The $5,280.01 is calculated as follows: (a) the amount it paid to Collingwood Children’s Farm for use of the grounds, having successfully negotiated a significant partial refund of its deposit: $250.00 (b) the tasting night: $160.01 (c) direct staff wages: $310.00 (d) overheads calculated as 23% of the event costs of $4,508.00

Issue:

How much is the respondent entitled to retain?

Law:

  • Australian Consumer Law and Fair Trading Act 2012 S.36 (Adjustment of amounts paid or payable to parties to discharged contracts)

(1) All amounts paid to any party under a discharged contract before the time of discharge are recoverable

(2) All amounts payable to any party under a discharged contract before the time of discharge cease to be payable

 

  • Australian Consumer Law and Fair Trading Act 2012 S.37 (Court may allow amounts paid or payable to be recovered or paid)- Despite section 36, the court may, if it considers it just to do so having regard to all the circumstances of the case, allow a party to a discharged contract—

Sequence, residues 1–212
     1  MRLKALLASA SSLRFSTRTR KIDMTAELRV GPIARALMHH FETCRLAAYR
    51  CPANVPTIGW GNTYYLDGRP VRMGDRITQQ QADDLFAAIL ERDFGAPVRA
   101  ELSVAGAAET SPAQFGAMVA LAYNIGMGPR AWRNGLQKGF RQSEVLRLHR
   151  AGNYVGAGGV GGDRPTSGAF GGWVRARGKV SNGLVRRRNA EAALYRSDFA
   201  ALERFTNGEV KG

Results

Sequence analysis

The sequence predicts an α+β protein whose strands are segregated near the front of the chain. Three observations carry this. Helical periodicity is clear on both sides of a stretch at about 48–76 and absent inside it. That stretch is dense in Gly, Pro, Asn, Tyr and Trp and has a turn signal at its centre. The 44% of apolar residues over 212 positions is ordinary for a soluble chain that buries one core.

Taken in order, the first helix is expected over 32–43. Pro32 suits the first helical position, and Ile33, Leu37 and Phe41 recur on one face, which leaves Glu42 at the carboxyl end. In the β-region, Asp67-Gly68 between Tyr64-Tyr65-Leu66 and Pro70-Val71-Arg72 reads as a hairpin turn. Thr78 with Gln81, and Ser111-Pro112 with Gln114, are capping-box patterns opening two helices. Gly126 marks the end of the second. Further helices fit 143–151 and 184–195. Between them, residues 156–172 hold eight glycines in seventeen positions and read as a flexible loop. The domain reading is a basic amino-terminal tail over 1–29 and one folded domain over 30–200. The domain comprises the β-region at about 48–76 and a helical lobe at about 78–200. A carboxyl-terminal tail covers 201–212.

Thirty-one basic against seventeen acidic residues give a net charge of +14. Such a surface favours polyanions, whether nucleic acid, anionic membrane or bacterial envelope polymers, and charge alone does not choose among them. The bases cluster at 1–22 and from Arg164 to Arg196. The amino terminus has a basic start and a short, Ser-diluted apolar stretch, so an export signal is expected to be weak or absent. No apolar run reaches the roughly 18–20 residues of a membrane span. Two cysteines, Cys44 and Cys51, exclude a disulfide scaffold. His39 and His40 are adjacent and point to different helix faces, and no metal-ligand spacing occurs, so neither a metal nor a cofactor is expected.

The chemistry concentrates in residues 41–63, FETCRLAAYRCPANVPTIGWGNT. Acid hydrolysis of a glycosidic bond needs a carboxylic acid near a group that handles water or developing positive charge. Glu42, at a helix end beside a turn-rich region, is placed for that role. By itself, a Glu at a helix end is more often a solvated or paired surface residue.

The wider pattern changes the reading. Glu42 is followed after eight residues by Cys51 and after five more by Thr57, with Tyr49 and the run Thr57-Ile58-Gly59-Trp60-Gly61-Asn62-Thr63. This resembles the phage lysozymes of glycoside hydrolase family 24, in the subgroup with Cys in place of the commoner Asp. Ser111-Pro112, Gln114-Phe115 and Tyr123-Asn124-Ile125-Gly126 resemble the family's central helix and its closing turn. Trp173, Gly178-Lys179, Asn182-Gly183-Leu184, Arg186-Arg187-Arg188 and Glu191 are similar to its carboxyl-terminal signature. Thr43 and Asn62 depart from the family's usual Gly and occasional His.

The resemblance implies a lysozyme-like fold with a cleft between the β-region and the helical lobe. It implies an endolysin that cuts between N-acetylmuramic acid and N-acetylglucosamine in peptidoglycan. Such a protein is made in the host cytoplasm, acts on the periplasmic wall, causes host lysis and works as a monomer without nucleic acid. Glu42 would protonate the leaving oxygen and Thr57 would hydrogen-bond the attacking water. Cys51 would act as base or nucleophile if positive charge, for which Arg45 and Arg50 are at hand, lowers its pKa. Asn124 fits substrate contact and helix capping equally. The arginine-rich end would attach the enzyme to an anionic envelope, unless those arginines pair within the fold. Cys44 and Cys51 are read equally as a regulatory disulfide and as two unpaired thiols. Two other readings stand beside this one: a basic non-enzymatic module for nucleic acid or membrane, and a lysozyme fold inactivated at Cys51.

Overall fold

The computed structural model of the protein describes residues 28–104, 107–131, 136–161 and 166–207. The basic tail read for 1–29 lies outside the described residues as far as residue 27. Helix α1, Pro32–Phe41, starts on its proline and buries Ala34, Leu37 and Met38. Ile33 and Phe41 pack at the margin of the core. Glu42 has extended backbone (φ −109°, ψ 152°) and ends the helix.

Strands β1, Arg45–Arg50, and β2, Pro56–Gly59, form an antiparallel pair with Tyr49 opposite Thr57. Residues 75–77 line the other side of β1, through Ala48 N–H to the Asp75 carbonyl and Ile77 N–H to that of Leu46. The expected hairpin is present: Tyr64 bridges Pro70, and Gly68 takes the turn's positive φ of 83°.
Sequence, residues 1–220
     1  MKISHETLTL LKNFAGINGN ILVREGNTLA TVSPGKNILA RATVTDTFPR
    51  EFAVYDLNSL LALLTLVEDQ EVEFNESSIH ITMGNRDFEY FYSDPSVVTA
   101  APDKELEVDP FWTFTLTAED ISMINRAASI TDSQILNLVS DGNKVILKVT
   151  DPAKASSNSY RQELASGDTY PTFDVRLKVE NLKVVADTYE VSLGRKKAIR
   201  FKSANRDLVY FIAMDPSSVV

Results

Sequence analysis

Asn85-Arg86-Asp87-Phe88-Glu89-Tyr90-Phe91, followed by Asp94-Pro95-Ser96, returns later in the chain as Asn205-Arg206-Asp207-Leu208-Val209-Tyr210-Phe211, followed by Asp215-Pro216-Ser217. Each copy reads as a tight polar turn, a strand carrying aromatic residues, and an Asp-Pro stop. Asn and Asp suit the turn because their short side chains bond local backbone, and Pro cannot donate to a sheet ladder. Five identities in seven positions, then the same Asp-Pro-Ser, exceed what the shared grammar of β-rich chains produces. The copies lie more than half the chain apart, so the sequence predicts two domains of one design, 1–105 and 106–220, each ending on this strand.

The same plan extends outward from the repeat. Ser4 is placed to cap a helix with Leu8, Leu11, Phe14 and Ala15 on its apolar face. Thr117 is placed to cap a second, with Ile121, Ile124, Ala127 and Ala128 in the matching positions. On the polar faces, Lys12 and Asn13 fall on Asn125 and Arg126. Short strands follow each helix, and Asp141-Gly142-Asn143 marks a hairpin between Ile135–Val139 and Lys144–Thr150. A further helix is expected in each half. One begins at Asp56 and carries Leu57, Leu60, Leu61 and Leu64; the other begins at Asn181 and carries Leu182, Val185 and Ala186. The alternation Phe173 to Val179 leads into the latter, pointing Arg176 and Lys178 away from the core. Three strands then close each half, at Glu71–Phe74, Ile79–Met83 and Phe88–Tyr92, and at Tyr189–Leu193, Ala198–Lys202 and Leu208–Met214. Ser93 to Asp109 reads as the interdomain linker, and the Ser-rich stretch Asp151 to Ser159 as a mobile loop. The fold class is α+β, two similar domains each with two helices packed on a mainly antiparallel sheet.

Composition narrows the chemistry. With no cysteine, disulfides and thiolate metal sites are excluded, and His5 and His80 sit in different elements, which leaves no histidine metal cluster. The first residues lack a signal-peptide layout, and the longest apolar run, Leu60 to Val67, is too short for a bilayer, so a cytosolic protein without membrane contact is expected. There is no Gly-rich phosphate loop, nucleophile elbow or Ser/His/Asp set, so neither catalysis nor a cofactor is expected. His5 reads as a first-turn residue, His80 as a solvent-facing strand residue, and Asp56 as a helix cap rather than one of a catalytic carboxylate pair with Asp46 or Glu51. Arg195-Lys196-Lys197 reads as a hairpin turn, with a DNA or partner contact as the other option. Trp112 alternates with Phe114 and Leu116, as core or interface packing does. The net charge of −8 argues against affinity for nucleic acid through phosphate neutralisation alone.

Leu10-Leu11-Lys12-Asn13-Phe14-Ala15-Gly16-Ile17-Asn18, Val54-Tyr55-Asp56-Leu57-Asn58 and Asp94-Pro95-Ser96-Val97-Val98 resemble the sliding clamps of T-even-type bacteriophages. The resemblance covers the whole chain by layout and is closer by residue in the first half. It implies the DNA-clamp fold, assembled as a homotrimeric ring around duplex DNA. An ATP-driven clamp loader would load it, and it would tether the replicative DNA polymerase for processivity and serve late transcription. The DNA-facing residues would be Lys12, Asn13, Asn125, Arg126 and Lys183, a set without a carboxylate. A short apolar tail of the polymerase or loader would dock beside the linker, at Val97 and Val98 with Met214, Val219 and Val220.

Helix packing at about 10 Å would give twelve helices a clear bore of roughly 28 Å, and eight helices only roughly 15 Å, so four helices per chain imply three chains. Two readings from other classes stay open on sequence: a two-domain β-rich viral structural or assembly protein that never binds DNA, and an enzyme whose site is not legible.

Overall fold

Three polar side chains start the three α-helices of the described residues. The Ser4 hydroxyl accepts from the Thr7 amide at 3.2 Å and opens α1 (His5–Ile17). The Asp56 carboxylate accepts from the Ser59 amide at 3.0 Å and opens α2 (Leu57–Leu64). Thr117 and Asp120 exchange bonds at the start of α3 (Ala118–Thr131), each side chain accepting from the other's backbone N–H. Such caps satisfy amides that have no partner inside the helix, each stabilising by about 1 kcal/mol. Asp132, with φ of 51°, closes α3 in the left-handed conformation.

(a) to whom amounts were paid or are payable under that contract before the time of discharge; and

(b) who has incurred expenses before the time of discharge in or for the purpose of the performance of that contract— to retain or recover (as the case may be) the whole or any part of the amounts paid or payable to that party under the contract in an amount not exceeding the expenses incurred.

 

  • Australian Consumer Law and Fair Trading Act 2012 S.38 (Parties to pay an amount for valuable benefits obtained)

(1) This section applies if a party to a discharged contract obtained a valuable benefit (other than a payment of money to which section 36 or 37 applies) before the time of discharge because of anything done by another party in or for the purpose of the performance of the contract.

(2) Despite section 36, the benefited party is liable to pay to that other party any amount (not exceeding the value of the benefit obtained) that the court considers just having regard to all the circumstances of the case.